The Top 100 Novels.

The Top 100 Novels.

Here it is.  My Top 100 Novels – the complete list.

The intro was here.  The second 100 can be found here.  Various statistics and trivia about the list can be found here.

Here is the list: (more…)

the great punch thrown to Hitler's face on the cover of The Amazing Adventures of Kavalier & Clay (2000) by Michael Chabon

The Amazing Adventures of Kavalier & Clay

  • Author:  Michael Chabon
  • Rank:  #34
  • Published:  2000
  • Publisher:  Random House
  • Pages:  639
  • First Line:  “In later years, holding forth to an interviewer or to an audience of aging fans at a comic book convention, Sam Clay liked to declare, apropos of his and Joe Kavalier’s greatest creation, that back when he was a boy, sealed and hog-tied inside the airtight vessel known as Brooklyn, New York, he had been haunted by dreams of Harry Houdini.”
  • Last Line:  “When Rosa and Joe picked it up they saw that Sammy had taken a pen and, bearing down, crossed out the name of the never-more-than-theoretical family that was printed above the address, and in its place written, sealed in a neat black rectangle, knotted by the stout cord of an ampersand, the words KAVALIER & CLAY.”
  • Acclaim:  Pulitzer Prize; National Book Critics Circle Finalist; PEN/Faulkner Finalist
  • ML Edition:  none
  • Film:  in production hell
  • First Read:  Fall, 2000 (more…)

me, several co-workers, a very tired Thomas and Michael Chabon at the signing for The Yiddish Policeman's Union

“No doubt all of this is not true remembrance but the ruinous work of nostalgia, which obliterates the past, and no doubt, as usual, I have exaggerated everything.”  (The Mysteries of Pittsburgh, p. 297)

He isn’t just the writer of two of my favorite books.  He is the author of a Pulitzer Prize winning novel that I rank as the second best novel so far this century.  He is an accomplished author of literary fiction who has nonetheless veered off into genre after being established.  He is the only Pulitzer winner for Fiction to win either the Hugo or the Nebula for Best Novel and he won both for the same book.  He has allowed comic books and pulp fiction to influence and inform his work and remembered that many of the best short stories of last century were genre stories.  He has branched out and proven he can also write essays, comic books and even films.  He is Michael Chabon. (more…)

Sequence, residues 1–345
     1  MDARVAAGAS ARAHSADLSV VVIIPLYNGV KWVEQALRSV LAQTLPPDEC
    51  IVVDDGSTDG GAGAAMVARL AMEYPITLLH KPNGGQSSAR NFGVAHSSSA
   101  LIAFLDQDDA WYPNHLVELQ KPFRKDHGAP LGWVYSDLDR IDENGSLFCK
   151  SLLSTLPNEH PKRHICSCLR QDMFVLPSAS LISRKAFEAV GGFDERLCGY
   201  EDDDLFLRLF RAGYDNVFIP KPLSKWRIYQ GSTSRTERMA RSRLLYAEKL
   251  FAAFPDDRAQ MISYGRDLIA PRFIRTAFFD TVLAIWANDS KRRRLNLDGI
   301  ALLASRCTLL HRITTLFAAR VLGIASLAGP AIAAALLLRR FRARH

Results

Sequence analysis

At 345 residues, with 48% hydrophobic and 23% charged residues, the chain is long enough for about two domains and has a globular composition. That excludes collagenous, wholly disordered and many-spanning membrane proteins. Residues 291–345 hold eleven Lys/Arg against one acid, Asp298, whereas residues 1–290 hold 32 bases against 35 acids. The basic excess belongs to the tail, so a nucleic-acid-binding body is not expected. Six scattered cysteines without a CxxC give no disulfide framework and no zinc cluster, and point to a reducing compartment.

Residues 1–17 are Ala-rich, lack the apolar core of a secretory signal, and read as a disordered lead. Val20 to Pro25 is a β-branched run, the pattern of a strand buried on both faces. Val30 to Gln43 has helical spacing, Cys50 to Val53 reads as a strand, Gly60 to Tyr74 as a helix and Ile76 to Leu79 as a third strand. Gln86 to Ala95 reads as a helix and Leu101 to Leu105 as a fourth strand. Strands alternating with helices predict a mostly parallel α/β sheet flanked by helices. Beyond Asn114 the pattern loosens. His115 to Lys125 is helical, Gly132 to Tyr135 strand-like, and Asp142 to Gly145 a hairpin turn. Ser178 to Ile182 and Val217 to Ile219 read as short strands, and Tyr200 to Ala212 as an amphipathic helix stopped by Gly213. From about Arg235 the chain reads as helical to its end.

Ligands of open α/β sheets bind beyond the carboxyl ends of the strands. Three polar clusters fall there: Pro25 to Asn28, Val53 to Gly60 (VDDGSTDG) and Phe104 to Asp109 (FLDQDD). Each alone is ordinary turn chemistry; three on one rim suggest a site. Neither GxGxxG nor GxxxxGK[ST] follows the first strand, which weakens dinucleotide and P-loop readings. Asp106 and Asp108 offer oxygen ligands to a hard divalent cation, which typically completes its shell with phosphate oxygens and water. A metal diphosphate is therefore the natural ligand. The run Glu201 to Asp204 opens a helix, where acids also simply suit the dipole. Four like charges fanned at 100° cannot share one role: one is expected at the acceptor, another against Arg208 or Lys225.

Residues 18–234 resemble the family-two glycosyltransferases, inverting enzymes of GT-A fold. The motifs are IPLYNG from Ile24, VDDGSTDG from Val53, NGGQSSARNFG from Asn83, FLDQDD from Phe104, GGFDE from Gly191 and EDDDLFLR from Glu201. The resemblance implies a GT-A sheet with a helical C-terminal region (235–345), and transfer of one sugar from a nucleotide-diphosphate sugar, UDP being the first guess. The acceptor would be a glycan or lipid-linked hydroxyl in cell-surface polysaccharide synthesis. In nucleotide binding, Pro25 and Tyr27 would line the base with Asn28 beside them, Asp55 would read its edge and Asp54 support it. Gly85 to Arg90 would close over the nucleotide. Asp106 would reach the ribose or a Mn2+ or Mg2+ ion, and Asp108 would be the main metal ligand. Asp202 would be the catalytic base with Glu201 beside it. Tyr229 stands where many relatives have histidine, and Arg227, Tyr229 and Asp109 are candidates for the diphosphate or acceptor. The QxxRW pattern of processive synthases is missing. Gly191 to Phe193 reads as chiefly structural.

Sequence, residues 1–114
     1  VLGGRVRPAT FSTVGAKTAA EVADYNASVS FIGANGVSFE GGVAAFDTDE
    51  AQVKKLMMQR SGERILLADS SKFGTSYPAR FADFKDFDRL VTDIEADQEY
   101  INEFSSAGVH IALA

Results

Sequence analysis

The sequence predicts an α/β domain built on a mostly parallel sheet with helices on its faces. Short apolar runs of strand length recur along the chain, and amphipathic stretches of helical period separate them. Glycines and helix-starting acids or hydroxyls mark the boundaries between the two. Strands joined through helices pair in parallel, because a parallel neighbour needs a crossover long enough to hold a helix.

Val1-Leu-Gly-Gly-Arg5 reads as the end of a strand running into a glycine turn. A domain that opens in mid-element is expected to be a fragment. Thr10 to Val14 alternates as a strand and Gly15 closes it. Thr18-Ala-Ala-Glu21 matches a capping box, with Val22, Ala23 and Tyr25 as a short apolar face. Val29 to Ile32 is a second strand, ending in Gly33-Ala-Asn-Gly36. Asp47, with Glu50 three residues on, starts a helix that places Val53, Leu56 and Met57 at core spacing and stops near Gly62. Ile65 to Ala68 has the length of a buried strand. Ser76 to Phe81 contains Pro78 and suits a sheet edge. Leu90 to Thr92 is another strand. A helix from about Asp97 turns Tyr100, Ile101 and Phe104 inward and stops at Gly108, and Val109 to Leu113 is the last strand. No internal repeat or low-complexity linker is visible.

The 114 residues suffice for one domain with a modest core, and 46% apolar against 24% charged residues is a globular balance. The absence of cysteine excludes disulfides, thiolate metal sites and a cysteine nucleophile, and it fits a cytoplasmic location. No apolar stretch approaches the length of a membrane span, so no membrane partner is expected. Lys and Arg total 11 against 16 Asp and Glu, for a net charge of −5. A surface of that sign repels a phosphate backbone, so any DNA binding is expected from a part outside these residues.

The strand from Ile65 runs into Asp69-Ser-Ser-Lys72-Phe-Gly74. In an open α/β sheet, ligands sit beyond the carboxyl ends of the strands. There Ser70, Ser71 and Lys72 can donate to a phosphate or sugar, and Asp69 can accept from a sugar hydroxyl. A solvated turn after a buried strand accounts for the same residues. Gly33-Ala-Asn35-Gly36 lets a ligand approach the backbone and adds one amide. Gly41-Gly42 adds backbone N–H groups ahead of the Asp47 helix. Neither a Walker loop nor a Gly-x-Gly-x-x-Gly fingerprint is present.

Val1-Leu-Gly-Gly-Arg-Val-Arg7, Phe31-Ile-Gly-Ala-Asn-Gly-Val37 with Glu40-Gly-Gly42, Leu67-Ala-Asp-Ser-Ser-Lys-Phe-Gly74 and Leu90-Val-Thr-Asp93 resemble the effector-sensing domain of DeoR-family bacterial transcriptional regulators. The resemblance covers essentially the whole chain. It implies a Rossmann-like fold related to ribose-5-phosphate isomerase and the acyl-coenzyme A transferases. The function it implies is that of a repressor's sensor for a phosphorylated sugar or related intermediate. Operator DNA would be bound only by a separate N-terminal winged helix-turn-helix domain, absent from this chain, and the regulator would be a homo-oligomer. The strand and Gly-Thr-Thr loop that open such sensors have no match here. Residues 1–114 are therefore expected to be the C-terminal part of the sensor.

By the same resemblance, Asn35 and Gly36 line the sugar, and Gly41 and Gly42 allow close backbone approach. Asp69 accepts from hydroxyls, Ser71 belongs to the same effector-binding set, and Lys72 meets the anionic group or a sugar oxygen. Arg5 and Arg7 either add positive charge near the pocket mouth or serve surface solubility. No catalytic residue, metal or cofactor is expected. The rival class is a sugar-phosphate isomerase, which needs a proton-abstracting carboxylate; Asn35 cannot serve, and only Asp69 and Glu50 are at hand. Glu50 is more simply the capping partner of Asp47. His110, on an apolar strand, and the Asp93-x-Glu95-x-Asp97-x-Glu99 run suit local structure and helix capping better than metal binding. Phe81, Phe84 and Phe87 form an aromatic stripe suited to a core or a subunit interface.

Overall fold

the first edition of Michael Chabon's marvelous Wonder Boys

Wonder Boys

  • Author:  Michael Chabon  (b. 1963)
  • Rank:  #49
  • Published:  1995
  • Publisher:  Villard Books
  • Pages:  368
  • First Line:  “The first real writer I ever knew was a man who did all of his work under the name of August Van Zorn.”
  • Last Line:  “The young men listen dutifully, for the most part, and from time to time some of them even take the trouble to go over to the college library, and dig up one or another of his novels, and crouch there, among the stacks, flipping impatiently through the pages, looking for the parts that sound true.”
  • ML Edition:  none
  • Film Version:  2000  (**** – dir. Curtis Hanson)
  • First Read:  January, 2000 (more…)
Jurassic Park by Michael Crichten (1942-2008)

Jurassic Park by Michael Crichton (1942-2008)

Don’t you ever just read for enjoyment? You can’t read Faulkner all the time! It’s too difficult, too depressing. You must unwind and relax a bit sometimes.

That’s the argument, anyway, and I hear it a lot. Of course I do. Like I said, there are plenty of books I love that wouldn’t necessarily make my top novels list. So to that end, I hereby present my 25 favorite novels to read, the ones I read over and over again. And there’s no Faulkner.

There is Michael Crichton, though. For a long time he was a very enjoyable author to read. I read Jurassic Park in high school, knowing that Spielberg was working on the film, and I not only loved it, it actually changed the way I view the world (seriously).

So, to the author of Jurassic Park, The Great Train Robbery, Sphere and The Andromeda Strain (all highly enjoyable), in honor of his untimely death yesterday, I dedicate my following list.

There are a few books that in the end, surprisingly didn’t make my list, some brilliant but damn enjoyable (Catch-22, 100 Years of Solitude, The Stranger), some more of a pleasure (The Big Sleep, Hound of the Baskervilles, The Golden Compass), some because I love the author but couldn’t pin down a specific book (Kurt Vonnegut, Christopher Moore), and, then, the Harry Potter series, because I just couldn’t figure out which one, yet didn’t want to put the whole series, because the last four books are so much better than the first three.

(more…)